Even before Covid, delivery service businesses were in high demand. The shift to delivery services, since Covid, has been nothing short of astronomical. There is no better time to increase your business and no better way than a federal delivery contract.
Are federal delivery contracts actually worth the time and effort? In 2020, the U.S. government awarded $683 billion in federal contracts. Spending is expected to continue to increase over the next several years. (ExecutiveBiz June 20, 2022)
While DHL, FedEx, and UPS dominate the federal delivery service, the federal government is driving initiatives to include every business. Many agencies actually have offices dedicated to small businesses. (ibid)
One such agency is the Department of Transportation (DOT). Within the DOT is the Office of Small and Disadvantaged Business Utilization (OSDBU) which supports small delivery services providers and vendors operating in the delivery services arena. Additionally, there are contracting assistance programs available at the Small Business Administration (SBA). Certain SBA programs provide assistance to Women-owned small businesses and often link them to mentors.(ibid)
Contracts within the federal delivery service platform generally last from 12 months to as long as 36 years. When an agency is happy with a service delivery provider, often contracts are extended. In addition, the federal government has a stellar reputation for paying invoices. (ibid)
The first step in winning a federal delivery contract involves market research. Done properly, it will help you make informed decisions and understand current demands. Knowing the market prepares you to meet an agency’s needs. (ibid)
The second step is knowing your competition. This will allow you to bid your services competitively. The SBA has a dynamic search function DSBS. SAM.gov is another site that allows you to view new delivery contracts awarded by federal agencies. (ibid)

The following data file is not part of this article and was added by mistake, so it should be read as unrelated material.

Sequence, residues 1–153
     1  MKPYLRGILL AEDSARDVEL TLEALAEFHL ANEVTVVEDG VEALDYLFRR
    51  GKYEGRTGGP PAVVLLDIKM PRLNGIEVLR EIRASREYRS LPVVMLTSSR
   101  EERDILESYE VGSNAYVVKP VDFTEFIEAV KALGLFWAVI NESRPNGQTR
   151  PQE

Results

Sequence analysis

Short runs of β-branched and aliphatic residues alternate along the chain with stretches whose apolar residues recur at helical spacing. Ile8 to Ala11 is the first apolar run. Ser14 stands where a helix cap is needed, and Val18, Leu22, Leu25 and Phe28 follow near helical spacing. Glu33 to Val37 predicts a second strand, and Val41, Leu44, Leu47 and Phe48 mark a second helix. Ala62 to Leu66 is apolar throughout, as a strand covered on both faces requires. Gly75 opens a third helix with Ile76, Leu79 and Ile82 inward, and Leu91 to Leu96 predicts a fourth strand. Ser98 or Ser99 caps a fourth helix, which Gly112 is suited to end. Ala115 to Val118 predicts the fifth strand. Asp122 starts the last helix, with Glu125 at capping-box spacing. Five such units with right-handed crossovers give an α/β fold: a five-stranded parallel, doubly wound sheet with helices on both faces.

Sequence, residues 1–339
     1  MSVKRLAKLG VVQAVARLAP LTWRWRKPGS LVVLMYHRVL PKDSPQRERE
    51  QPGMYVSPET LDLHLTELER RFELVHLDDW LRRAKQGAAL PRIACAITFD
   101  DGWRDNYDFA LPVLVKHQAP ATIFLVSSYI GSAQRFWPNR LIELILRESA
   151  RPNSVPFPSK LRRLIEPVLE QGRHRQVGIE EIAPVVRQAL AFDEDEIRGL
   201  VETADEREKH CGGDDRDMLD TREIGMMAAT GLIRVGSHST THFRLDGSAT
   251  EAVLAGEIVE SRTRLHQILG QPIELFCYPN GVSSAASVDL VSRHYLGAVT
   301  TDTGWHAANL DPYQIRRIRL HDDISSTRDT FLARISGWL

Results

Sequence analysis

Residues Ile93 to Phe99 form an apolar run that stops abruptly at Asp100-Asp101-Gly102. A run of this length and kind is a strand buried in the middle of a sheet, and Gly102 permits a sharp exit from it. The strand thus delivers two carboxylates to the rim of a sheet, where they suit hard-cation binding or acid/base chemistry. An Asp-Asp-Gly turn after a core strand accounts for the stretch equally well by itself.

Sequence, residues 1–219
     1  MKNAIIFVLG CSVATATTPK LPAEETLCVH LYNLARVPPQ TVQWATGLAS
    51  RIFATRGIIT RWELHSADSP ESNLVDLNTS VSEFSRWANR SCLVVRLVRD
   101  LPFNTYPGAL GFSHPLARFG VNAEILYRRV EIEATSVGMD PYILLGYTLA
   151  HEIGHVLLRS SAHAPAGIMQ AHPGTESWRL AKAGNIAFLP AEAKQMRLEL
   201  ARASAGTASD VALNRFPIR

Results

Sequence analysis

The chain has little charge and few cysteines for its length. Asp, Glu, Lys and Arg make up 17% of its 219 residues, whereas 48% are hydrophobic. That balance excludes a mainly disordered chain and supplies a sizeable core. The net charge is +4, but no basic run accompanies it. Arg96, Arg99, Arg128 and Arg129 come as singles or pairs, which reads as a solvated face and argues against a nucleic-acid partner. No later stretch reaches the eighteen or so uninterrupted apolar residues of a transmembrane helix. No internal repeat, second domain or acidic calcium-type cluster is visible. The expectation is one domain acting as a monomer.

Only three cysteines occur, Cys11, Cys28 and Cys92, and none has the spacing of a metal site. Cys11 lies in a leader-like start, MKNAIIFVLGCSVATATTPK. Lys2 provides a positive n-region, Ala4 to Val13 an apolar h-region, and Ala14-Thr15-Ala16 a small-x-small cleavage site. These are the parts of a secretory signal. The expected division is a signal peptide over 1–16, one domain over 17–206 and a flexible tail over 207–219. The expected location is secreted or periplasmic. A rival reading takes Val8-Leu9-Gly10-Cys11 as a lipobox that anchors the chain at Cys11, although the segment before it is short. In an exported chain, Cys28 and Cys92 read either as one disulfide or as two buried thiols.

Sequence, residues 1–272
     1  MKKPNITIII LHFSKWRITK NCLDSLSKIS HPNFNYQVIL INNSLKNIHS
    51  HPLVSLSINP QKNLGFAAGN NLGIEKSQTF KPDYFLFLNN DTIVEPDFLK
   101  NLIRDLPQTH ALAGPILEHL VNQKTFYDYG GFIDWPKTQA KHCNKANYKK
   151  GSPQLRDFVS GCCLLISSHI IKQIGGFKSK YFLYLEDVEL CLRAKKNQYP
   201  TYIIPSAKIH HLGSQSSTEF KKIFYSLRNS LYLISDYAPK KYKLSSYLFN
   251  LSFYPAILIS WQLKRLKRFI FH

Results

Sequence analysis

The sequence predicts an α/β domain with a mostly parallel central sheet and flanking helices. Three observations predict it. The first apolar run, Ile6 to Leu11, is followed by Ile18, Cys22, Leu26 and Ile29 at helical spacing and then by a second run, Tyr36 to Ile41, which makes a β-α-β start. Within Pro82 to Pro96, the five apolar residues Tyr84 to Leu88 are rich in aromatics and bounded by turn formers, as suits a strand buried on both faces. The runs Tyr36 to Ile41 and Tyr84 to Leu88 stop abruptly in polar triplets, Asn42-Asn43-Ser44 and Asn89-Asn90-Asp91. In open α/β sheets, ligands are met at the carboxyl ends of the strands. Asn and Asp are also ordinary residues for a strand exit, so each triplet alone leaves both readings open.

The third step is knowing the federal and state regulations. Many can be found on this SBA site. The following regulations are the most important to be aware of:
- Labor and employment – wages/workplace hazard protection
- Taxes – individual as well as employment taxes
- Advertising and privacy – trustworthy advertising/customer privacy
- Environment – an example is the Greenhouse Gas Reporting Program (GHGRP)
- Antitrust – actions which monopolize or limit competition (ibid)
The fourth step is becoming familiar with the Federal Acquisition Regulation (FAR). This is the script for federal contractors and contracting officers. Knowing the FAR will go a long way to navigating the complex requirements and processes of the federal government acquisition arena. (ibid)
A fifth step is to know whether you are eligible for small business assistance programs. If eligible, you can apply for contracting assistance. (ibid)
Finally, get registered on the SAM website. This is the federal government System for Award Management (SAM.gov). Once you will receive a Unique Entity ID (UEI) which identifies your delivery service business. (If you offer other services, you may have more than one NAICS code.) (ibid)
Once all of the above steps are completed, you are ready to bid on a contract. To prepare, identify your target federal agencies and price your delivery services competitively. Once a federal agency publishes a Request for Proposal (RFP) review the expectations and determine if your business can meet the demands of the RFP. If so, you are ready to bid.(ibid)
Responding to an RFP requires strict attention to detail and timelines. A late response or a partially responded to requirement will disqualify a company from winning a contract. If you are non-compliant you will not receive an award. We recommend setting up schedules for research, writing, and reviews. And remember, all proposals must be submitted on time.
Working your way through the regulations and requirements to successfully bid on government contracts takes finesse and know-how. If you have reached a roadblock or need some assistance, give us a call.